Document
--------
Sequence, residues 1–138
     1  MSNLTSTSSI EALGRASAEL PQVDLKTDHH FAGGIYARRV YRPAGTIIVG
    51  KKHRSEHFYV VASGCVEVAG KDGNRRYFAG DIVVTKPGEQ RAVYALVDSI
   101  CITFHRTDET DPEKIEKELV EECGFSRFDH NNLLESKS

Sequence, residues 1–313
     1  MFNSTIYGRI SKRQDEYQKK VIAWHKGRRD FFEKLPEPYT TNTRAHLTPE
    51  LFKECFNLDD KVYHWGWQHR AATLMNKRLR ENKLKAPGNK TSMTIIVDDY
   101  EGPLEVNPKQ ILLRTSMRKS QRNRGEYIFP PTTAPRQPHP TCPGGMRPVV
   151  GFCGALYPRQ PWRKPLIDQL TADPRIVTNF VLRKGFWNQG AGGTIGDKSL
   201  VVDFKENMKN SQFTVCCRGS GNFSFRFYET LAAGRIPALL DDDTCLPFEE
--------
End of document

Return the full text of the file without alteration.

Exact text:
Sequence, residues 1–138
     1  MSNLTSTSSI EALGRASAEL PQVDLKTDHH FAGGIYARRV YRPAGTIIVG
    51  KKHRSEHFYV VASGCVEVAG KDGNRRYFAG DIVVTKPGEQ RAVYALVDSI
   101  CITFHRTDET DPEKIEKELV EECGFSRFDH NNLLESKS

Sequence, residues 1–313
     1  MFNSTIYGRI SKRQDEYQKK VIAWHKGRRD FFEKLPEPYT TNTRAHLTPE
    51  LFKECFNLDD KVYHWGWQHR AATLMNKRLR ENKLKAPGNK TSMTIIVDDY
   101  EGPLEVNPKQ ILLRTSMRKS QRNRGEYIFP PTTAPRQPHP TCPGGMRPVV
   151  GFCGALYPRQ PWRKPLIDQL TADPRIVTNF VLRKGFWNQG AGGTIGDKSL
   201  VVDFKENMKN SQFTVCCRGS GNFSFRFYET LAAGRIPALL DDDTCLPFEE